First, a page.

Peter Gilmour (right): Peter flew in the RAF as aircrew on the Shackleton fleet and then several tours on the Phantom air defence fighter. After leaving the RAF Peter became a civil pilot, eventually joining First Choice Airlines (later Thomson) where he rose to become a senior manager and Chief Pilot. Peter now flies a Piper L18c observation aircraft.
Archie Liggat (left): Archie learned to fly in the RAF, completing a first tour as an instructor and then further tours as a fighter pilot on the Phantom. He completed his RAF career with a tour as a fast jet squadron commander before going on to become a pilot with British Airways on the 747 fleet. Archie is currently UKCAP Chairman and flies a Rallye.
Jim Watt (right): Jim is currently the Managing Director of Tayside Aviation Ltd, a flight training and engineering facility based at Dundee Airport. Jim flies a large variety of types and owns a classic Vietnam-era Cessna L19/O-1 Bird Dog observation aircraft which is absolutely perfect for SCRAPbook survey duties.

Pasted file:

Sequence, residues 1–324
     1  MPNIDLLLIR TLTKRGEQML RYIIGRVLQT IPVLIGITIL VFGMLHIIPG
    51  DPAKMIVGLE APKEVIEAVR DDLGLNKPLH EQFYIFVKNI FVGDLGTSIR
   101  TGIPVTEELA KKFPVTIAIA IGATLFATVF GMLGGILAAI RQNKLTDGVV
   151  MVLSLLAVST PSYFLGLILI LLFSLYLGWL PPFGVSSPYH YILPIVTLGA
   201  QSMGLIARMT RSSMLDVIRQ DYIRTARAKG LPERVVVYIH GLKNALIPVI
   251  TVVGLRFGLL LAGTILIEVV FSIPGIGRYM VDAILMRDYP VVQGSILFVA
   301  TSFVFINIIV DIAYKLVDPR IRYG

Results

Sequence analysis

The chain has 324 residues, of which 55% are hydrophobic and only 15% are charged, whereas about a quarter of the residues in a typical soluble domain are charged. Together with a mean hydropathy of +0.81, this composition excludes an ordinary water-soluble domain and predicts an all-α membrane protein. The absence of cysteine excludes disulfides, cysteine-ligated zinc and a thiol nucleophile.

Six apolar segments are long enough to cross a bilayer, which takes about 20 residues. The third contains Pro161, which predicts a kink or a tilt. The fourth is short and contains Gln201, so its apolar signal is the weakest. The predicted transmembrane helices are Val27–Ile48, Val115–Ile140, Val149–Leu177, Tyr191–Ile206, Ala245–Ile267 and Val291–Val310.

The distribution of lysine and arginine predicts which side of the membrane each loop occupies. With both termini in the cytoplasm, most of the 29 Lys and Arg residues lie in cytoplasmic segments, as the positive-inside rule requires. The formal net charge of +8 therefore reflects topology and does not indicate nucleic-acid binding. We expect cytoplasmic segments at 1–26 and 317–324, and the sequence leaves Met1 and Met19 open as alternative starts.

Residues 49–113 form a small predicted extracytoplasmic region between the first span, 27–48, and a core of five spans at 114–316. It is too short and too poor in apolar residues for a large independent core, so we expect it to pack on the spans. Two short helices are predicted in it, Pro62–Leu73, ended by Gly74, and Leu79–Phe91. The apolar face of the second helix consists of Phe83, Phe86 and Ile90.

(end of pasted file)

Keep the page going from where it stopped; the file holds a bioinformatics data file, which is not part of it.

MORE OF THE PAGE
Bruce Thomson (left): Bruce recently retired as a Police Inspector having worked in Response/Community Policing, Traffic and the Force Control Room. He obtained a flying licence many years ago and trained as a Civil Defence Air Observer whilst serving with the police. Bruce brings valuable experience in air observation and operational matters.
Ian Forrest (right): Ian is a pilot, retired teacher and a drummer with a successful band. Ian’s aeroplane is a high wing 2-seat Skyranger which offers excellent visibility and slow flying ability that makes it ideal for SCRAPbook survey. Ian is a long term member of the UKCAP and has been flying microlights, often with Colin Maclean, his observer, since 1990.
Colin Maclean (left): Colin is currently a cameraman with STV and, as a pilot, is also well used to the demands of aerial photography – at which he is a complete expert. Ian and Colin make an ideal team with Colin acting mainly as observer and offering his expertise to the SCRAPbook project.
Accessing the images
All the images are available under a Creative Commons license agreement. (https://creativecommons.org/licenses/by-nc/4.0/) If you would like to reuse the images, we ask that they are appropriately credited and that you abide by the terms of the license. The classification data set based on the images can also be shared by arrangement.
To request images or classification data please contact us at firstname.lastname@example.org to discuss your requirements. In future, we also aim to make our data available to other data sharing portals.